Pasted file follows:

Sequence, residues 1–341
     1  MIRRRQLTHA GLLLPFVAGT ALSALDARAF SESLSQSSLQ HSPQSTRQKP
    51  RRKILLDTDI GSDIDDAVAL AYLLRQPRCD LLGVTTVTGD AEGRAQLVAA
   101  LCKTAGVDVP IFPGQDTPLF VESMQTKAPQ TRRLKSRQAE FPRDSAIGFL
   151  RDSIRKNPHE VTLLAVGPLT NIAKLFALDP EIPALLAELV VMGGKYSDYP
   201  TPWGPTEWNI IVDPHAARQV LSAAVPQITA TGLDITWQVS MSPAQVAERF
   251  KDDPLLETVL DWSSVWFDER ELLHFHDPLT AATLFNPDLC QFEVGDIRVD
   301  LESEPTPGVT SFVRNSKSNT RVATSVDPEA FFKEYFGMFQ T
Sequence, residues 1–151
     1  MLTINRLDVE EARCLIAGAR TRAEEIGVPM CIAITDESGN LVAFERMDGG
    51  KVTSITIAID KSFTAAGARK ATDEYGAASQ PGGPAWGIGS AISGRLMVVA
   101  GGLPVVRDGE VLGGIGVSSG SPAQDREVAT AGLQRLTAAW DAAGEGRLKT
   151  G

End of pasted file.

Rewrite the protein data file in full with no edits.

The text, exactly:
Sequence, residues 1–341
     1  MIRRRQLTHA GLLLPFVAGT ALSALDARAF SESLSQSSLQ HSPQSTRQKP
    51  RRKILLDTDI GSDIDDAVAL AYLLRQPRCD LLGVTTVTGD AEGRAQLVAA
   101  LCKTAGVDVP IFPGQDTPLF VESMQTKAPQ TRRLKSRQAE FPRDSAIGFL
   151  RDSIRKNPHE VTLLAVGPLT NIAKLFALDP EIPALLAELV VMGGKYSDYP
   201  TPWGPTEWNI IVDPHAARQV LSAAVPQITA TGLDITWQVS MSPAQVAERF
   251  KDDPLLETVL DWSSVWFDER ELLHFHDPLT AATLFNPDLC QFEVGDIRVD
   301  LESEPTPGVT SFVRNSKSNT RVATSVDPEA FFKEYFGMFQ T
Sequence, residues 1–151
     1  MLTINRLDVE EARCLIAGAR TRAEEIGVPM CIAITDESGN LVAFERMDGG
    51  KVTSITIAID KSFTAAGARK ATDEYGAASQ PGGPAWGIGS AISGRLMVVA
   101  GGLPVVRDGE VLGGIGVSSG SPAQDREVAT AGLQRLTAAW DAAGEGRLKT
   151  G